In this July 8, 2019, file photo, a U.S. Immigration and Customs Enforcement officer looks on during an operation in Escondido, California. Credit: Gregory Bull | AP

BOSTON — Newly released documents show Boston’s public school system has been cooperating with federal immigration authorities more extensively than officials previously suggested.

The school district made at least 135 student incident reports accessible to U.S. Immigration and Customs Enforcement officials, most of them between 2014 and 2017, according to documents released Monday by Lawyers for Civil Rights.

The organization is among a number of groups suing the city to release records about its ties to ICE, despite Boston’s sanctuary city policy.

“The extent of BPS collusion with federal immigration enforcement is alarming, and much more extensive than the city has let on,” said Janelle Dempsey, an attorney with Lawyers for Civil Rights.

The school reports were made available to ICE officials via the Boston Regional Intelligence Center, or BRIC, a law enforcement information hub run by the Boston Police Department with federal funding, according to the documents. School officials previously suggested they were aware of only one such instance of information sharing.

Lawyers for Civil Rights said the district needs to cease the cooperation because it is creating a “school-to-deportation pipeline.”

The organization sued the city after a request for public records about the district’s relationship with ICE was denied.

The records request was prompted by the deportation of a high school student to El Salvador in 2017. Immigration officials cited, among other things, a school incident report that alleged the student was an associate of the gang MS-13.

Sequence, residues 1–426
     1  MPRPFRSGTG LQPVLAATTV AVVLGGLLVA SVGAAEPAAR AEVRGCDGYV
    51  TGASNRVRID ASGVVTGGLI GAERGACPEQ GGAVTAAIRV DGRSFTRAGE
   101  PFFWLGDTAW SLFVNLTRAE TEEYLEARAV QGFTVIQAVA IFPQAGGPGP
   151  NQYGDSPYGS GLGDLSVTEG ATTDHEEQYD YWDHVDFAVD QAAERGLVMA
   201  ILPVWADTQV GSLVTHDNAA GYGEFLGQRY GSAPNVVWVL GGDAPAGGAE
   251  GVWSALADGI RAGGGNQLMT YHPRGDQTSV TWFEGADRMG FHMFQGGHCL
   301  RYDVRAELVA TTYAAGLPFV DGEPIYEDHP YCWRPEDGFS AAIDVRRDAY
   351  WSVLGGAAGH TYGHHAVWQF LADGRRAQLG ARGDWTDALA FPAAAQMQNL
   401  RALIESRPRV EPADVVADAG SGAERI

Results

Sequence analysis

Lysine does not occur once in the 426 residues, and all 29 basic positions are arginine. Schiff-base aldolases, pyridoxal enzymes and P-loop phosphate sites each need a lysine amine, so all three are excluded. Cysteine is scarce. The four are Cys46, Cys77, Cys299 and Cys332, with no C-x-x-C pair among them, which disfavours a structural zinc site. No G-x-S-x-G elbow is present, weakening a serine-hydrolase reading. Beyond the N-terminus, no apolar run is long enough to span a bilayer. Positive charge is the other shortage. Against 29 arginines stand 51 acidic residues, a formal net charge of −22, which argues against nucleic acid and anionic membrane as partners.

School officials stressed in a statement to The Associated Press that they do not share confidential student information with ICE. The police department said in a separate statement that there are strict controls on how ICE officials can access information on the regional intelligence center.

But school officials also acknowledged that incident reports generated by police officers posted in the schools aren’t considered protected student records and may be shared within the police department if they involve criminal investigations or are relevant to public safety matters.

The district said it updated its policy in 2018 to reflect stricter guidelines on how school police officers share their incident reports with other law enforcement agencies, including ICE.

Democratic Mayor Marty Walsh also defended the process Monday, noting that immigration status is not included in school incident reports, and that only serious threats are sent to the intelligence center.

Walsh signed into law last month amendments to the city’s Trust Act that place clearer limits on police in their cooperation with ICE.